Found a disagreement about this on another thread. So I ask for the sake of discussion, what constitutes being a full fledge Catholic?
Doing our best to follow the Catechism would be my two cents.
Doesn’t father Mike have a video of this on you tube?
I’d say the minimum for “full-fledge” Catholic is being baptized and confirmed and submitting to the Roman Pontiff as well as believing all teachings of the Church on matters of faith and morals.
It depends on your definition of “catholic”.
A full fledged Catholic is a Roman Catholic.
Any baptized person is a member of the body of Christ or catholic (assuming he is still in a state of grace).
Do you mean canonically?
Or something else?
Canonially: Having been received into the Catholic Church.
Personal: Someone who does their best to follow Catholic teachings, votes in line with them and does not disagree with them (at least publicaly and if there is private disagreement lives in line with it anyway).
Not all full fledged Catholics are Roman Catholic. The 23 Rites in communion with Rome might disagree with you.
Are you capable of making a post that isn’t rude?
^^^^^ Best answer so far
At Mass each Sunday, the people attending recite several Acts of Faith.
[I would look it up, but my missal has walked.]
And who asked for a list?
Well I had to step up “My game”. I used to be the “Father Mike video champ” here and I was slipping so I had to get back to it. LOL!
He does give good advice and I think he tries to make it relatable because he works on a college campus and deals with a lot of young adults. He knows their attention spans are all over the place and he has to make sure they will hear the whole answer.
That’s a tougher question than people would even think. There’s “Anglo-Catholics” in Anglicanism that consider themselves Catholic but aren’t in communion with the Holy See, for example. I think Orthodox Christians also claim to belong to the one holy, catholic and apostolic church. Basically I think any apostolics are going to claim to be catholic.
I don’t personally hold much against Anglo-Catholics or Orthodox Christians. I think all Apostolic Christianity is beautiful. My wish is just that someday we can all be one, like Jesus prayed for.
Pope Benedict in particular has made great effort to unite Catholics and Anglo-Catholics. He established personal Anglican ordinariates. They were established to enable Anglo-Catholics to join the Catholic Church while preserving elements of their liturgical and spiritual patrimony. They are juridically equivalent to dioceses.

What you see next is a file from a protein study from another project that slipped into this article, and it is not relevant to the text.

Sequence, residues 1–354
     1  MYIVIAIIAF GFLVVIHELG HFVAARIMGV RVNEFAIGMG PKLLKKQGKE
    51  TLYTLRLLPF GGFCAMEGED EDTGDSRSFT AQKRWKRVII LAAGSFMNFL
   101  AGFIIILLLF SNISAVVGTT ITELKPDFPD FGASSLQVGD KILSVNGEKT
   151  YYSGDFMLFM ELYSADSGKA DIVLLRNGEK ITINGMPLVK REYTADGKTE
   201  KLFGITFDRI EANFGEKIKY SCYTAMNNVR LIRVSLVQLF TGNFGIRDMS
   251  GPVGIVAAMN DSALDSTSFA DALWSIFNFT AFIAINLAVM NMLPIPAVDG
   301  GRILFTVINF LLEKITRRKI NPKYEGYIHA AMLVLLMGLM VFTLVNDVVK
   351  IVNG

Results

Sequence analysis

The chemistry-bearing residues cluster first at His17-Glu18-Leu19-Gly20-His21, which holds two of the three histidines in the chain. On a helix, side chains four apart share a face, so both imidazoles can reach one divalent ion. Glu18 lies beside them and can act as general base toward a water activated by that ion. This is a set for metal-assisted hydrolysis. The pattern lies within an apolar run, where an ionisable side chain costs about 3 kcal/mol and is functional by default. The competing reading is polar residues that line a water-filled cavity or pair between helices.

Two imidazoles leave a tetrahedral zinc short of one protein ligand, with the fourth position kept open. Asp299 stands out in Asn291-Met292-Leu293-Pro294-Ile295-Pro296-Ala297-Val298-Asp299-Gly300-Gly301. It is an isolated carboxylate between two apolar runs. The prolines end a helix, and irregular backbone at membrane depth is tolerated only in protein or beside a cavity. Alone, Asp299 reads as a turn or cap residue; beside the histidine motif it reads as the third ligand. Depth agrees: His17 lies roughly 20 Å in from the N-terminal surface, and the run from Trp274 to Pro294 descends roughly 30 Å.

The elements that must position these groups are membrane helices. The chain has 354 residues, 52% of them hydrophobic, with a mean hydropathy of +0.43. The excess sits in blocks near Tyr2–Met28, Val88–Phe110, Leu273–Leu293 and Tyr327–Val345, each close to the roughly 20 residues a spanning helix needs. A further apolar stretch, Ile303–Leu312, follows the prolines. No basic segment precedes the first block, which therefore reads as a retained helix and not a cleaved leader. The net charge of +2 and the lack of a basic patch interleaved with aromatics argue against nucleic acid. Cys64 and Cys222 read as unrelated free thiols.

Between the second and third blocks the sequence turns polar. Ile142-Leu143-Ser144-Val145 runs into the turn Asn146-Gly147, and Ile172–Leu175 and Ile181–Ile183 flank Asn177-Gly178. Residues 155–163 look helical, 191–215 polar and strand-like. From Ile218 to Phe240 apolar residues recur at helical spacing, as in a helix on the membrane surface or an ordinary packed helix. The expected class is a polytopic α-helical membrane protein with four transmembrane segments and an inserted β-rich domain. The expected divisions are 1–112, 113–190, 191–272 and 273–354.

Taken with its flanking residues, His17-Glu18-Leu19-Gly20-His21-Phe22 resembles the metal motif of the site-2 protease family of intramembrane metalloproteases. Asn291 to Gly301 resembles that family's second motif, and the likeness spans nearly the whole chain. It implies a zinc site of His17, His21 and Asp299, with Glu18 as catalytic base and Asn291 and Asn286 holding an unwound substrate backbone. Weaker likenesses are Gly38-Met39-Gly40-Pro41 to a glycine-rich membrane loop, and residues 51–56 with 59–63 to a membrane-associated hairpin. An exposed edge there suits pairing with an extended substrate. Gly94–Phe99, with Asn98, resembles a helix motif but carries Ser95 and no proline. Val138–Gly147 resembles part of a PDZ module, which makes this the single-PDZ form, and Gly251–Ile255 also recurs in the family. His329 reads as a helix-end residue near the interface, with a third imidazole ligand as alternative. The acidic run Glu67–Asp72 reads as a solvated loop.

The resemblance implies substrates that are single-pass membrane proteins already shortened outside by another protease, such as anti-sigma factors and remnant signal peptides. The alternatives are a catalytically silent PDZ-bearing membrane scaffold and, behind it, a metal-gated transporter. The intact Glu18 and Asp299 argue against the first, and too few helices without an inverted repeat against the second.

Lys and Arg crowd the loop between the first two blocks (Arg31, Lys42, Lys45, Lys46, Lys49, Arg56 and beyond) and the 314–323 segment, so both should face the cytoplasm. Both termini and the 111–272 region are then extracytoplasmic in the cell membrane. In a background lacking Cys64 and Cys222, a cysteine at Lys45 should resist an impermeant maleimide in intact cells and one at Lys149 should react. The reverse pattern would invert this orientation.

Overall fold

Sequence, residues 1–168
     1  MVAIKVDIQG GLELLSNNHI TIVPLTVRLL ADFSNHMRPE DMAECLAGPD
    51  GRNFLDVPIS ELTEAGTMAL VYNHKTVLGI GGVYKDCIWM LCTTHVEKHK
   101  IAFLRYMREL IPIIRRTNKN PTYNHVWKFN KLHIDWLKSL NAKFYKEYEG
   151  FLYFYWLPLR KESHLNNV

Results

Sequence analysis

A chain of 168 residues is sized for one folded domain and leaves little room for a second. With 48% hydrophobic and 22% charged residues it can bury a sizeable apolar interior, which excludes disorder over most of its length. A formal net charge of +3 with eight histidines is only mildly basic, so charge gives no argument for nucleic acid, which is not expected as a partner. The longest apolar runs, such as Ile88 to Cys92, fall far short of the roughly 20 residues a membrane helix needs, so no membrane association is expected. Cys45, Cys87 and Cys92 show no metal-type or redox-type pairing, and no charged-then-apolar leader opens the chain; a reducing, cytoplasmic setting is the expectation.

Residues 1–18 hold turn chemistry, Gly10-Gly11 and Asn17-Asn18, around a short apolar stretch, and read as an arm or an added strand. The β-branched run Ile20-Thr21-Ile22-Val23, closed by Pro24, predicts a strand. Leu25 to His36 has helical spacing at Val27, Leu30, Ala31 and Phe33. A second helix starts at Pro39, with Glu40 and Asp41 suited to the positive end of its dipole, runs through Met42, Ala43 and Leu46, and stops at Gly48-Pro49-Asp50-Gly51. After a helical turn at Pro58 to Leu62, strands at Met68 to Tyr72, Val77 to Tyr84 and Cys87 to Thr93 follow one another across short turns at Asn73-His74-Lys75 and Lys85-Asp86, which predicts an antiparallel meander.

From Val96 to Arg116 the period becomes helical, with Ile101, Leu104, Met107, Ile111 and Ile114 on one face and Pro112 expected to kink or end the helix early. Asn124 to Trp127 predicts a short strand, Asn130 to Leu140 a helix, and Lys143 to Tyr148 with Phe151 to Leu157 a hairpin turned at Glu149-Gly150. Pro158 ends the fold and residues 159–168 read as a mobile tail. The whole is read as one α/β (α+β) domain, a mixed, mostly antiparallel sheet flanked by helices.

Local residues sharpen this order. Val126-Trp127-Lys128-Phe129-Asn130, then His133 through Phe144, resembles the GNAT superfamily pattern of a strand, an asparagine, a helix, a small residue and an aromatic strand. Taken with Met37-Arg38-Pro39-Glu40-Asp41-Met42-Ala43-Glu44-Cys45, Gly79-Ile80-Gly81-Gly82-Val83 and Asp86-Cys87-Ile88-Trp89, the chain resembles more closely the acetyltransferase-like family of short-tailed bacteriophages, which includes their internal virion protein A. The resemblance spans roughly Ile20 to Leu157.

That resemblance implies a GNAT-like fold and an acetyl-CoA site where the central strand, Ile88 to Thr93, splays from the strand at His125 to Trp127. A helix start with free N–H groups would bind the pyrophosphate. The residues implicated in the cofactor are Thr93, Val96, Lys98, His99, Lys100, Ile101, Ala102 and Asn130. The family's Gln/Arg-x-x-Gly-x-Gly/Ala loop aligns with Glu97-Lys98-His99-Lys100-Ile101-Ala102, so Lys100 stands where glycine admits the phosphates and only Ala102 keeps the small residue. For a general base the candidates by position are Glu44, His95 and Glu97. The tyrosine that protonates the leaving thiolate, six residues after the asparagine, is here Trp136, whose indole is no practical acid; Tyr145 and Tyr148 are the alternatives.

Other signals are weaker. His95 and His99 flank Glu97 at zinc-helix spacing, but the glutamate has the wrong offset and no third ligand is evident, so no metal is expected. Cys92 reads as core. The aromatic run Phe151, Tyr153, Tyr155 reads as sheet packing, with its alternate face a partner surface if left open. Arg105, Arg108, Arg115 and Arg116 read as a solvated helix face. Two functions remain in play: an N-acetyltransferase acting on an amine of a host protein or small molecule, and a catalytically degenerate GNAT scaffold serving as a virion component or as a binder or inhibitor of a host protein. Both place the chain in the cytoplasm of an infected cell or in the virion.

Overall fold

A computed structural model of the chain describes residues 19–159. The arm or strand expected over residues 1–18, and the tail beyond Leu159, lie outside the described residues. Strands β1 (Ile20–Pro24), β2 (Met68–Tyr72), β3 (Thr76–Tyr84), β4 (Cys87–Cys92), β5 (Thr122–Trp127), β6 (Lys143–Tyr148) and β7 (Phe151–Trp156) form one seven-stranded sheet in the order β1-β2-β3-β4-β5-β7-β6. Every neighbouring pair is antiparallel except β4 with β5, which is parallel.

I would remove that second one because it is too specific and possibly politically motivated. I think it is enough to say that one is living their faith in all areas of their life.
Why single out voting and not, say, in their career or home life?
Voting is a civic duty, no doubt. But “voting in line” with Church teaching is a huge gray area. Even candidates who call themselves Catholic don’t always stand for all things Catholic. And no political party that I know of fully aligns with Church teachings on faith and morality.
I use my faith and my mind when election season comes around, and I do my best to vote according to my Catholic conscience. But that one act every couple years hardly determines whether or not I’m a Catholic!
My work with students and their families – day in and day out, even in the summer as I create materials, units, and pray for them – seems far more connected to my faith than the rare instances of voting.
Just my two cents… but thanks for giving me something to think about regarding putting my faith into action.
Hi Seagull thank you for your input. I must say though that I don’t know where to start in terms of figuring out this question. Many here have offered good explanations and have given me resources. If you would like to to the same, then great, if not then please don’t be rude. I am only asking a question on Catholic Answers Forum, a place to find Answers to Catholic questions.
Have a good day
I assumed following would be taken as lives in line with. There are too many people IMO who say I think x is wrong but should be legal. Generally I don’t think that’s OK for a Catholic.